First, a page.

Portis was a commercial success from the very start of his career as a fiction writer. His first two novels, Norwood and True Grit, published in 1966 and 1968, were both serialized in the Saturday Evening Post and quickly adapted into Hollywood films (both starring Glen Campbell and Kim Darby, though the latter film is best remembered for winning John Wayne his only Oscar). The books mirror each other in certain ways—both involve a rambling quest from a small town (Ralph, Texas, and Yell County, Arkansas, respectively) to see about a grievance (a debt unpaid, a father murdered). The venture out and the return home: this was Portis’s own life’s arc, and it is his standard mode—the only exception being Masters of Atlantis, which can meander as a result, if pleasantly so. For the most part, his characters follow the “restlesse motions” described by Sir Thomas Browne in the epigraph to The Dog of the South: “He that would behold a very anomalous motion, may observe it in the Tortile and tiring stroaks of Gnatworms.”

And just as “recluse,” as Pynchon once said, can be code for “doesn’t like to talk to reporters,” so too can “cult writer” be code for “doesn’t live in New York.” After his fishing-shack sojourn, Little Rock would remain Portis’s home for the rest of his life—“as much as I can call anyplace home,” he clarified to a Memphis newspaper in a rare interview after True Grit’s release. “I guess I don’t really have one.” His regional association can confuse this point. In fact, Portis spent years living out of his truck, as well as in trailers and motels and non-descript apartment complexes. He spent a substantial portion of each year in Mexico. Even True Grit was written, he said, in a village about two hundred miles north of Mexico City; he seemed to consider San Miguel de Allende a kind of second home. His books are as much about being away from Arkansas as they are about being there. The Dog of the South and Gringos are both set predominantly south of the border, Norwood draws on his fish-out-of-water experience of living in New York (and traveling the country), and True Grit’s action takes place largely in the Choctaw Nation, present-day Oklahoma; it is a journey into the past and into historical research, his serious commitment to which is everywhere in evidence in the non-fiction pieces included in this book.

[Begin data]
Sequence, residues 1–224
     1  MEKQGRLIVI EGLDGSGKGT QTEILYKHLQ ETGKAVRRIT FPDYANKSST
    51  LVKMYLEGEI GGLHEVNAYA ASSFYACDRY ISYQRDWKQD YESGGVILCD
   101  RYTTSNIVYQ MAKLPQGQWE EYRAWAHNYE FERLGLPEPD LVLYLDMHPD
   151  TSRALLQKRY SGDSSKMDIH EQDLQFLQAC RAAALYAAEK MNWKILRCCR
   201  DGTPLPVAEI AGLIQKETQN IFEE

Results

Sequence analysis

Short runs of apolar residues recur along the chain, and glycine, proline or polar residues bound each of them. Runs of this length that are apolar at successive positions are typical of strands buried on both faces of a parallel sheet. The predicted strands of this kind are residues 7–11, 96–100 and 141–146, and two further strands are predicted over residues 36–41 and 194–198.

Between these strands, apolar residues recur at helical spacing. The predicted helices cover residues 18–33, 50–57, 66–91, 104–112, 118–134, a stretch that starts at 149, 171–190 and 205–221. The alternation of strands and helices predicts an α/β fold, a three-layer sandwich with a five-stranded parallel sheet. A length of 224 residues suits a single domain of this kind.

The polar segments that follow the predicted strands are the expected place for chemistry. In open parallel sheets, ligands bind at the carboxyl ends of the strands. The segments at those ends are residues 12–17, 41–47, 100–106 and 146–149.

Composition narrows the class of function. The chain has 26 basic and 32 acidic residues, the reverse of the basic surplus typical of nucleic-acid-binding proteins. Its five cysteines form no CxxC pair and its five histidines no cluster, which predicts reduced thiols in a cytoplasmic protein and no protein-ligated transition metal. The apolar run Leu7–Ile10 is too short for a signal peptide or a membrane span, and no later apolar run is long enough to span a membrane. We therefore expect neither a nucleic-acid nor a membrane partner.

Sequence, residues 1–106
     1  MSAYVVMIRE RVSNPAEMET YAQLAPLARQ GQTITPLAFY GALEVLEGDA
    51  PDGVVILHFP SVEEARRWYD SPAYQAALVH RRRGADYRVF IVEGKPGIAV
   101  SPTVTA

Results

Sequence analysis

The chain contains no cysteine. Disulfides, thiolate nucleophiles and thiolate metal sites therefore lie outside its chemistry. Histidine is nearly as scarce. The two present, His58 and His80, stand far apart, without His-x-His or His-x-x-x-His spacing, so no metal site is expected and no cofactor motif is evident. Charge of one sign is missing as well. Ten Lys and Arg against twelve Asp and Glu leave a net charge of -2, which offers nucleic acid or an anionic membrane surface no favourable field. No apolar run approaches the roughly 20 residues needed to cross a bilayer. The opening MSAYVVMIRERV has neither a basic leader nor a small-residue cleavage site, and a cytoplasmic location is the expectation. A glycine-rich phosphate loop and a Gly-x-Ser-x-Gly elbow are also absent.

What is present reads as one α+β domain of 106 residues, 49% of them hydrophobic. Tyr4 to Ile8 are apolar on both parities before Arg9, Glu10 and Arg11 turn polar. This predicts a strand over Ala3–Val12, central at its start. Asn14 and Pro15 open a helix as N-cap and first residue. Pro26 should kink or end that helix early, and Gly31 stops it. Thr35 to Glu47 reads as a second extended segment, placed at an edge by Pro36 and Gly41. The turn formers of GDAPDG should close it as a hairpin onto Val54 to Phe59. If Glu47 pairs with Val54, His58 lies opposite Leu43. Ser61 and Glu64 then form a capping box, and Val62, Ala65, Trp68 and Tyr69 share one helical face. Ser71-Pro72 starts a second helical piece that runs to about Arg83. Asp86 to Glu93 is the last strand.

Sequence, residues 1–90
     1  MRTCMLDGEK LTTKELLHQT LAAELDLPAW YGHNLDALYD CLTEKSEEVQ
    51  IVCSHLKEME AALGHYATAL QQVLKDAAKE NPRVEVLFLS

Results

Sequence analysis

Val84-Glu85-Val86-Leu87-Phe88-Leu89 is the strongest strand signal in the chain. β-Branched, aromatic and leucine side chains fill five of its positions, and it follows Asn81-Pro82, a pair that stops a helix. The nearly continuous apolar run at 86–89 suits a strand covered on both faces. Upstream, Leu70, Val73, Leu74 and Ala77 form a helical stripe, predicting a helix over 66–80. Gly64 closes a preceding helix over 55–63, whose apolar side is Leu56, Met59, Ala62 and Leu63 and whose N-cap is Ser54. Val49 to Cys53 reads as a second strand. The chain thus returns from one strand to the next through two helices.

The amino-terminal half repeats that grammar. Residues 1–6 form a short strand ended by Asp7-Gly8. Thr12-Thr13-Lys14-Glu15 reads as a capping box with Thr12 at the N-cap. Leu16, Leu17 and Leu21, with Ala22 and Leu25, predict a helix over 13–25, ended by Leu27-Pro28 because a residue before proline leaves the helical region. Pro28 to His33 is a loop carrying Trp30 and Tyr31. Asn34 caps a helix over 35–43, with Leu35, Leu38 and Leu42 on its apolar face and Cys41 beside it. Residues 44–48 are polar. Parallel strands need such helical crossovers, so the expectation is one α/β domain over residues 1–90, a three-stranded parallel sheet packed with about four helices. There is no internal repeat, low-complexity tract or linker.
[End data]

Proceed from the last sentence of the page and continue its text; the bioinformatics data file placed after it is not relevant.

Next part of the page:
When he was in town, Portis could generally be found at the bar—the Faded Rose, say, or the Town Pump. I remember going to the latter and half expecting to see Portis on a stool, though he’d been diagnosed with Alzheimer’s the year before I arrived. I could only speculate, then, as to the autobiographical content of a sentence like this one, from The Dog of the South: “When the beer came, I dipped a finger in it and wet down each corner of the paper napkin to anchor it, so it would not come up with the mug each time and make me appear ridiculous.” I can imagine the sort of characters he’d meet at the Town Pump, though, because it is impossible not to meet them there. I recall one late night an older gentleman, in his cups long enough to have become despondent, seizing the karaoke mic to perform a warbling, truly moving rendition of Jack Greene’s country standard “Statue of a Fool” (“Somewhere there should be for all the world to see / A statue of a fool made of stone”). He removed the mic from its stand and stepped off the stage to walk among us in the barroom, still singing, with the affect of a Pentecostal minister.

I have called Masters of Atlantis an exception in the Portis oeuvre, but in the way of such things it is also a kind of skeleton key. The book chronicles the rise and fall of the Gnomon Society, based on its protagonist Lamar Jimmerson’s chance encounter, in France after the First World War, with a beggar who gives him a copy of the Codex Pappus, an allegedly ancient book that “had been sealed in an ivory casket in Atlantis many thousands of years ago, and committed to the waves on that terrible day when the rumbling began.” From this text, Jimmerson elaborates—with a great deal of imagination—a mystic worldview and belief system incorporating elements from Freemasonry, Hermeticism, Scientology, and any number of other similarly esoteric pursuits, many of which did flourish in this country in the middle-twentieth century.